What does it take to be a Chef?

Sep 2011: Almost everyone in the restaurant business will answer "Passion"! Cooking for a living is hard work; however, for the right kind of person, it can be very fun and rewarding. Working in a restaurant kitchen is best for people who like to be active, who can keep track of many details at once, and who love to keep up on what's happening in the food and cooking scene. Not only are chefs and cooks making hopefully delicious food for people who love to eat, but they are cooking with other like-minded people in solid teamwork; and sometimes get to participate in events with others in such activities as last weeks street fair in the Mission or this weekend's Chez Panisse celebrations.

As America (and especially California) is experiencing such high unemployment, it is a good idea to have a marketable skill, and cooking is definitely that. After all, no matter what happens to the economy, people still need to eat; and for the most part, many people still need to eat food prepared by others. Right now, in San Francisco, most of the restaurants in the medium price range are jammed every night of the week. And, there will always be demand for good skilled cooks in restaurants.

The origin of the word “Chef” is boss in French. So in most restaurants, there is really only one chef. All the others are cooks. It is an affectation to call yourself an Executive Chef-it’s a term best reserved for the head chef in a large hotel kitchen. But, the term Sous Chef is still used alot in restaurants. There may be a couple of daytime Sous Chefs and a couple of nighttime Sous Chefs. These are the ones who run the kitchen in day or night. Sous means “under” in French. Another expression used nowadays is Chef de Cuisine, which basically means, this is the person who plans the menu. And, of course, often restaurants have a Pastry Chef.

So, how does one get to be a Chef? I think the best is to learn the theory and techniques of fine cooking by attending a professional school such as Tante Marie’s. The person who learns cooking on the job is at a disadvantage because, although they may be good imitators, they probably don’t know the why’s and wherefore’s of cooking. So, after a good intensive culinary course, the hope is that the dedicated student will go on to have their first restaurant experience with a caring chef who can teach them production at the restaurant level. This may lead to the aspiring chef staying a year or more at that restaurant before going on to another to broaden the experience. This will hopefully lead to the cook becoming a sous chef and then perhaps the chef.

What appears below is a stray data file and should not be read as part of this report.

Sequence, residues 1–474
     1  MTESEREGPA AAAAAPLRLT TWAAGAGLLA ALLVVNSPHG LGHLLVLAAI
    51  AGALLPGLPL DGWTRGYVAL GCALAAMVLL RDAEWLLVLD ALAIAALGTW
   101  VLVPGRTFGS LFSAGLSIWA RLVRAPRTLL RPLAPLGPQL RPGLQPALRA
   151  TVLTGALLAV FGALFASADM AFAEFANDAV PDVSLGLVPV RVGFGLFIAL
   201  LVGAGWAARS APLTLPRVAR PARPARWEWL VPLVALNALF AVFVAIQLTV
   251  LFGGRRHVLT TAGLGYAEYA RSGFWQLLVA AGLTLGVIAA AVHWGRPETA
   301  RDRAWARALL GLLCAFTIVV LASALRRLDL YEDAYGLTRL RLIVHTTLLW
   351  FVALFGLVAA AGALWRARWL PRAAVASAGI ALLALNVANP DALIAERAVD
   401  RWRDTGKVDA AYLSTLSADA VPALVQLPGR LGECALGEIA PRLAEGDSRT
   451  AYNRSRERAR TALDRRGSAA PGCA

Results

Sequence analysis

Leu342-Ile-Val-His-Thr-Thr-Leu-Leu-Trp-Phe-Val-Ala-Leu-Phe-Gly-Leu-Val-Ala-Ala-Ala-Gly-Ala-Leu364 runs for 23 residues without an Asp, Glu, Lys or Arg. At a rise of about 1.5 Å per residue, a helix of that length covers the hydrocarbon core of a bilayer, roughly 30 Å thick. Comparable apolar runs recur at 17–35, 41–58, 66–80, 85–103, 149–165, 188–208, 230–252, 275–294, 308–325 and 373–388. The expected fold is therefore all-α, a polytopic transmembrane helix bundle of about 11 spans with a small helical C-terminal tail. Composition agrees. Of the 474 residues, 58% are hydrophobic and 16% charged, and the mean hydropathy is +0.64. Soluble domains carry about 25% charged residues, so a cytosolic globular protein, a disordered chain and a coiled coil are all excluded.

I am very proud of a young man called Chris Geremia who graduated from Tante Marie’s Cooking School in San Francisco in 2007 and is now the chef of RADIUS on Folsom near Seventh Street. Chris is from Wallingford, Connecticut. After graduating from Trinity College, he went to work for his father in the propane business; but his love for cooking lead him to culinary school here. After graduating from Tante Marie’s, he had an externship at Rubicon learning all the stations of the kitchen. Over the last four years he worked at Anchor & Hope, Spruce, and Magnolia. In February he and his chef moved to Radius; and in April he took over as Chef. The idea behind the name Radius is that all the ingredients for this restaurant are sourced within a hundred mile radius of San Francisco. I had a fabulous dinner there last night with a couple of friends. The homemade pastrami is to die for, as they say. So, is the deep-fried chicken in ham broth, and the sirloin steak with spinach and mushrooms with bone marrow and red wine reduction sauce. The lemon curd tart with chocolate praline crunch was also very special. This is a lively restaurant full of good food, good service, and good cheer! Thank you all!

Another person I am very proud of is Maritess Tse. Maritess, a native San Franciscan, had various jobs in the corporate world before coming to the professional culinary course at Tante Marie’s. She knew she loved cooking but was unsure of what she wanted to do in food and cooking. Her externship after graduating was at NOPA (Divisadero at Hayes).. She really hated prep but loved “working the line”. At first she made the cold first courses and plated desserts-this station is called Pantry. But, what she really loved was working “The Grill”. Nopa is incredible because the grill cook is cooking the pork chops and hamburgers over the wood fire and under the chicken rotisserie. (Later on they smoke home-cured bacon in the vent over the grill.) I loved watching Maritess on the Grill. In April, she was promoted to the position of daytime Sous Chef – you go girl!

So, here you have two examples of cooks who have advanced and done well. First, they received an intensive culinary education-the foundation on which to build a career. Then, they received good experience and began working their way up the ladder of success in restaurant kitchens. What it takes is hard work and dedication- being focused and loving what they do. You can do it too – if you are young and energetic and if you love to cook. And, you can tell others about this fulfilling and worthwhile career!

Here for you are some more recipes for entertaining outdoors on Labor Day Weekend or any other weekend in late summer and early fall. I buy my ribs at Bryan’s in Laurel Village and the tomatoes, corn, and peaches at the San Francisco Ferry Plaza Farmers Market. You can serve the ribs with corn salad, sliced tomatoes, homemade potato salad, green salad, and roasted peaches with Mascarpone cream, as I did. Here for you are the recipes for the ribs and corn salad.

If you would like my Potato Salad recipe, please email me at mary@tantemarie.com. Bon Appetit from Tante Marie!.